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New practices: Nudge Group

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The latest in a series of practice profiles looking at architects who have recently decided to go it alone either through choice or redundancy

Nudge Group

Founded: May 2013

Main people: Architect Shankari Raj Edgar, known as Shanks (pictured right)

Where have you come from?
Shanks studied at the Bartlett school of architecture and Sheffield University. She has worked at MICD Architects (Geoffrey Bawa) and more recently CODA Architects.
The other team members worked in diverse fields before setting up on their own, early in their career. They met as friends with similar interests in design, culture and making a difference.

What work do you have and what kind of projects are you looking for?
The starting point is to explain our philosophy. Architecture has never solely been about buildings. At the route of our education we are designers, creators and problem solvers. We have the ability to design policy, environments, structures, events, temporary platforms through to detailed design. We are one of the few professions that have the training to see the bigger, long term picture; hence, the success of architects as Mayors, such as George Ferguson and Jaime Lerner.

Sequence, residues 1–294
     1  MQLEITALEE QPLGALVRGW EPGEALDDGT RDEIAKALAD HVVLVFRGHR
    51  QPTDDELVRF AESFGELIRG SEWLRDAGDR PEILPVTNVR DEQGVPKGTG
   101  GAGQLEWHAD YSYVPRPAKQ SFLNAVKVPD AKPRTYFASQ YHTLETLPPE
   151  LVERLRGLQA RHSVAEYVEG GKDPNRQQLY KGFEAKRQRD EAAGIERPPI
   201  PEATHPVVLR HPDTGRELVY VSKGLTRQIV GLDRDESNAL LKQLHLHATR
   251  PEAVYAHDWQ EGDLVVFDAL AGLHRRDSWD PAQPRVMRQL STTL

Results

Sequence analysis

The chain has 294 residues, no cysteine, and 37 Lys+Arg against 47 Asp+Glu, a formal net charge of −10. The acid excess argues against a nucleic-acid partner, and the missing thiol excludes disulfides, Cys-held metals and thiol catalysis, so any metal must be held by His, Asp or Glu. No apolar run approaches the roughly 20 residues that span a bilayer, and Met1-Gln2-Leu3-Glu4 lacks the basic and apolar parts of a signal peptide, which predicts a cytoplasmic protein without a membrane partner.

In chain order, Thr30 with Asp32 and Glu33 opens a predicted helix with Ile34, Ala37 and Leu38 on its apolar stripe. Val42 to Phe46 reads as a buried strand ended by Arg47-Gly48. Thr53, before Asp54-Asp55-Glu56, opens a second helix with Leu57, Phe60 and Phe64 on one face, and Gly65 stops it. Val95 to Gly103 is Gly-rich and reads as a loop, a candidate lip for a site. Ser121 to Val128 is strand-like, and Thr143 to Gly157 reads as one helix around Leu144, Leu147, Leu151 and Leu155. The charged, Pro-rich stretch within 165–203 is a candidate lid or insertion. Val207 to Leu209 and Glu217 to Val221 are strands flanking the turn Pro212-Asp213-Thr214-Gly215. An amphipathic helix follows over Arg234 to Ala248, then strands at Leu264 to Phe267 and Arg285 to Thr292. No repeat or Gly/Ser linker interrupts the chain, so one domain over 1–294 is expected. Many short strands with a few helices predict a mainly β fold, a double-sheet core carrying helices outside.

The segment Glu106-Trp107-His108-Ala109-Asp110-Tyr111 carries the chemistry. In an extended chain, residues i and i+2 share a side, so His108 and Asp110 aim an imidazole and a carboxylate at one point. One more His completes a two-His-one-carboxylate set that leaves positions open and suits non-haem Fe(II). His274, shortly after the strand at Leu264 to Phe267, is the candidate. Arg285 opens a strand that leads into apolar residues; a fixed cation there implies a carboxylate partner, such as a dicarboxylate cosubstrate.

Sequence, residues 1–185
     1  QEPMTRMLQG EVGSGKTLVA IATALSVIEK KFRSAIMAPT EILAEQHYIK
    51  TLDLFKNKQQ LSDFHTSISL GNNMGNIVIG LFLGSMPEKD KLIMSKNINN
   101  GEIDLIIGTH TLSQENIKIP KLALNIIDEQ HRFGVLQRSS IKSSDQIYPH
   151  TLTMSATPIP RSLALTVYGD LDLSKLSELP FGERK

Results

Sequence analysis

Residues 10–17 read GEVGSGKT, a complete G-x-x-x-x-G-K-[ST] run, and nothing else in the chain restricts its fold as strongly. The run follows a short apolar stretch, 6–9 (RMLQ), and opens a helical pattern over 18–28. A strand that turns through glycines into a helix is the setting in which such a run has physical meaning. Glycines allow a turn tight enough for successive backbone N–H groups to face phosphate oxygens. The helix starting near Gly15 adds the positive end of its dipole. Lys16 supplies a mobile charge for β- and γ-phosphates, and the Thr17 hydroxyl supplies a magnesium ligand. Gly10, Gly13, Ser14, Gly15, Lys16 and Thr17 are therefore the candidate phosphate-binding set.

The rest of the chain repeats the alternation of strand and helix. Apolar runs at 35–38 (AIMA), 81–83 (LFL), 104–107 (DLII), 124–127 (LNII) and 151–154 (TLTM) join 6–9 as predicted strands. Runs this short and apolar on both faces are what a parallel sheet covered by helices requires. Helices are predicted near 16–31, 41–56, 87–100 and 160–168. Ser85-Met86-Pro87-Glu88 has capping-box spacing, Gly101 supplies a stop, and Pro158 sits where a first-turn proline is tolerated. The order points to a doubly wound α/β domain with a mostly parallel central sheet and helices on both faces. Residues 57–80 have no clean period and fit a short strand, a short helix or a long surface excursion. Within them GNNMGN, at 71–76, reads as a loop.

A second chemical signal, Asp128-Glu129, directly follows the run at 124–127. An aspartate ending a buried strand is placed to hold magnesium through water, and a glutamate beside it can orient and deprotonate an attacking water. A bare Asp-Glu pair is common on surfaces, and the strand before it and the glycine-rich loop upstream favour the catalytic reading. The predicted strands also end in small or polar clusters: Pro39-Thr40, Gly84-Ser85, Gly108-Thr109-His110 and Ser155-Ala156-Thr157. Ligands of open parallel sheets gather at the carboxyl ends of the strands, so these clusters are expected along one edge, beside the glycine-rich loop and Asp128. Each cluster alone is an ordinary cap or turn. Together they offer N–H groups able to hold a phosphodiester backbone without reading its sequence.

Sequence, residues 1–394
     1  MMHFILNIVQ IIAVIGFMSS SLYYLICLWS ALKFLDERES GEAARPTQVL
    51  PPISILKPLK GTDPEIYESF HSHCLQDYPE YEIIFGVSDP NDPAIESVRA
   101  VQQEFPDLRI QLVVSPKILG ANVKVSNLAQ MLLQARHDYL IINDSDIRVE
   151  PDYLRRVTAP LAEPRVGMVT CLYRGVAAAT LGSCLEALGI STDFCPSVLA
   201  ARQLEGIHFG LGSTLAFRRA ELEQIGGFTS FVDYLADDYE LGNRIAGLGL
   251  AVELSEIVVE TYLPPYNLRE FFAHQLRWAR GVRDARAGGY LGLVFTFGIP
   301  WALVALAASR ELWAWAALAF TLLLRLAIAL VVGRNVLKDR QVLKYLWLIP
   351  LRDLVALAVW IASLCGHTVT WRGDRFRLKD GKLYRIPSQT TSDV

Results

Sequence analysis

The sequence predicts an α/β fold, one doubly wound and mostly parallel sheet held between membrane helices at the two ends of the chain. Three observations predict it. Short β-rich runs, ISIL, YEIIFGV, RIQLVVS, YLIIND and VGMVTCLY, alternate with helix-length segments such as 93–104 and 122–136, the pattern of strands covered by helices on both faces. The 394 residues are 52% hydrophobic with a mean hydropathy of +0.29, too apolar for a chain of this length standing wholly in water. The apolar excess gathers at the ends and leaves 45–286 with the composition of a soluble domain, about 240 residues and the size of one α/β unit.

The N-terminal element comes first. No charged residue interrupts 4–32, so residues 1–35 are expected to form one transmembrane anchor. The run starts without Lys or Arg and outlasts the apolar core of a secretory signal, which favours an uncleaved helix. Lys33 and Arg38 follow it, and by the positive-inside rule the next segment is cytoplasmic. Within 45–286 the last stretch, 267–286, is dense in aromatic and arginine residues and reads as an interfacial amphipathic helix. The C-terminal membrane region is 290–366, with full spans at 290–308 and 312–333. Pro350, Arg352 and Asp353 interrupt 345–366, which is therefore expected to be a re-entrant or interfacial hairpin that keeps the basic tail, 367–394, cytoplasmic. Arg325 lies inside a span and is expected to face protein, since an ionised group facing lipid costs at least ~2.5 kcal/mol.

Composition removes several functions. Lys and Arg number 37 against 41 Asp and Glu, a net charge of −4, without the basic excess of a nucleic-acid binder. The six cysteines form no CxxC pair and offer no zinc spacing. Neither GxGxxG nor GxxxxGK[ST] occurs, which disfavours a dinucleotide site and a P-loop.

The core team that make up Nudge have been hand-picked for their like-minded attitudes and ability to work creatively within their industry. And together the possibilities for clients are endless.

We’re working on a few high profile projects in the Enterprise Zone. Our clients are Bristol City Council, SET Squared, Bristol and Bath inward investment, Bristol University and developers TCN UK. We’ve have worked on the first of its kind, a meanwhile-use development in Bristol, Creative Common and are currently working on the Engine Shed and  Bristol and Exeter House. 

We want to make the greatest possible social and environmental difference

Alongside the more traditional architectural projects, we work on Feeding the 5000, an event designed to raise awareness for the surplus food that is created within a city, Shambala Festival, Fareshare and Bristol Blues and Jazz Festival.

We like to work with ambitious, creative clients who want to innovate. We aim to make sure that each project adds value for clients, not just, spatially and aesthetically but also as a commercially viable business model. Sector: Culture and arts.

What are your ambitions?
We have a few ambitions, if released to the general public we feel they might dissipate… So we are going to keep them close to our chest for now. However, we aim to make the greatest possible social and environmental difference within the current economic and political spheres with which we are working in. And if we don’t have the clients to develop some of our visionary ideas, we’ve every intention of carrying out the projects ourselves. For us it isn’t about scale, but the positive difference we can make.

How optimistic are you ?
We’re doing pretty well so far and all we can hope to do is work hard for our clients and put love and energy into what we design. Substantial research before undertaking any new project is part of our design philosophy: Understanding the market, end user, location and clients ambitions is paramount. 

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